I hadn't read anything set in Communist China since Dal Sijie's novel Balzac and the Little Chinese Seamstress & was delighted to win Wenguang Huang's The LittleRed Guard: A Family Memoir from First Reads. The author is only slightly older than I am so I found myself comparing his experiences in the 1970s to my own. During those years, my cultural/historical education was pretty much limited to reading about the Nina, the Pinta, and the Santa Maria--or, the American Bicentennial celebration. ...more

Still not quite sure what to make of this book. It is part tragicomic memoir, part homage to his father, and part documentary of the evolution of modern china. But I'm not always sure the author knew which one he was going for.

I finished the book although there were several times I put it down in relative frustration that it seemed that years would go by and there was no progression to the story other than detailing the ridiculous lengths that his grandmother would go to ensure a "pr
We sit right there at the dinner table of the Huang family, beginning in Xi'an in the early 1970s. The author's grandmother began thinking about her funeral when she turned 72. For roughly 15 years, those funeral plans dominate the family, and dominate the author's thoughts long after she's gone. This is a great story of family and political change.

Many times in this story, what at first seems unlucky turns out to be a life-saver as the family, miraculously, survives. They survive famine, invas
I eagerly anticipated reading this book and was encouraged by several glowing reviews on Amazon and Goodreads. I’m 107 pages in, and I just can’t do it anymore. The story is a series of memories, which jumps around between past and present with not infrequent commentary that seems totally irrelevant and out of place. To give you an idea of what I’m talking about, check out this paragraph that demonstrates Huang’s writing style perfectly:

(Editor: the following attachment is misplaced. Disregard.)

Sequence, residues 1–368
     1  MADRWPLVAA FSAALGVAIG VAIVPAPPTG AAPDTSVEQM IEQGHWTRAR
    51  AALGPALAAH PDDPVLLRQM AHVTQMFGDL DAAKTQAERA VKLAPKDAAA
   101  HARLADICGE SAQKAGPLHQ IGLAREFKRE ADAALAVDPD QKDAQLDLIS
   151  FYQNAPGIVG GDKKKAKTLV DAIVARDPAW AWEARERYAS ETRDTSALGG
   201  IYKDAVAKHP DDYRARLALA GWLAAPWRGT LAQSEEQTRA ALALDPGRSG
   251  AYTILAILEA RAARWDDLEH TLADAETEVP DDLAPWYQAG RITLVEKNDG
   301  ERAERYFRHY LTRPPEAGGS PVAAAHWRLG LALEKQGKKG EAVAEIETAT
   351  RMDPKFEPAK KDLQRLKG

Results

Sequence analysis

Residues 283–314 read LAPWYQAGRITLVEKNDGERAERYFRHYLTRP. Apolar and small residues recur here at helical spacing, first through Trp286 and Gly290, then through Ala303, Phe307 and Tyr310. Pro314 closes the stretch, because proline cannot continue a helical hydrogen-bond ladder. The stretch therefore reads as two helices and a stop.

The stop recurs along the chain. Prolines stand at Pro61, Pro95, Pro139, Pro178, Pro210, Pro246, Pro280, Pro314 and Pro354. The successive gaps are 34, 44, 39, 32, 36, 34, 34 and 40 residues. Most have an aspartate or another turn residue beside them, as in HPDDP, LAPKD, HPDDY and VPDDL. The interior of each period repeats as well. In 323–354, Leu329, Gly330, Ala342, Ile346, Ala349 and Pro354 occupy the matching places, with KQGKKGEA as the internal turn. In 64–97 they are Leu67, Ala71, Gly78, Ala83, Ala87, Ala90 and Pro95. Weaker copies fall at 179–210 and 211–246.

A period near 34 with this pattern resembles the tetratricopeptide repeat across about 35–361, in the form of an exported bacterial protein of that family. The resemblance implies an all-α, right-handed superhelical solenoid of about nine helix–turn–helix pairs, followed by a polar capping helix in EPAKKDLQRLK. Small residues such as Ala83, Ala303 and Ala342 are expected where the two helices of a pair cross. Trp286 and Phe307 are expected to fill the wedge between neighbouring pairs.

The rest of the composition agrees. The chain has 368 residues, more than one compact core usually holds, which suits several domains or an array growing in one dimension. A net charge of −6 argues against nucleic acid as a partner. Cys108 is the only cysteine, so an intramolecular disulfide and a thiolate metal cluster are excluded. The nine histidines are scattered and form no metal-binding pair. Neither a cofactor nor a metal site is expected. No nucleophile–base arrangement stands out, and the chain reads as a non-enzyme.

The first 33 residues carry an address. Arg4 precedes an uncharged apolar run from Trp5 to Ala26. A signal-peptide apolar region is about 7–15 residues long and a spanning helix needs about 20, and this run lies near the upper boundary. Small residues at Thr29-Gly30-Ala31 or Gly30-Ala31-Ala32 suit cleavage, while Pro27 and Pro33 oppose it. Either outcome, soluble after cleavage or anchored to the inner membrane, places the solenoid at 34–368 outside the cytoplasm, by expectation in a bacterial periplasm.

Grandma later saw Father’s inability to cook as her biggest
First, thumbs up to the author for his very unusual Cultural Revolution memoir. While many CR stories I've read have been written by those persecuted during that time and/or suffered hardships in the countryside, Huang's memoir lacks that bleakness. For one, he was lucky to have grown up in a city at the tail end of the CR. His family belonged to the "right" class (workers/peasants) and he was able to attend prestigious Fudan University, a huge opportunity and achievement. Although life wasn't a ...more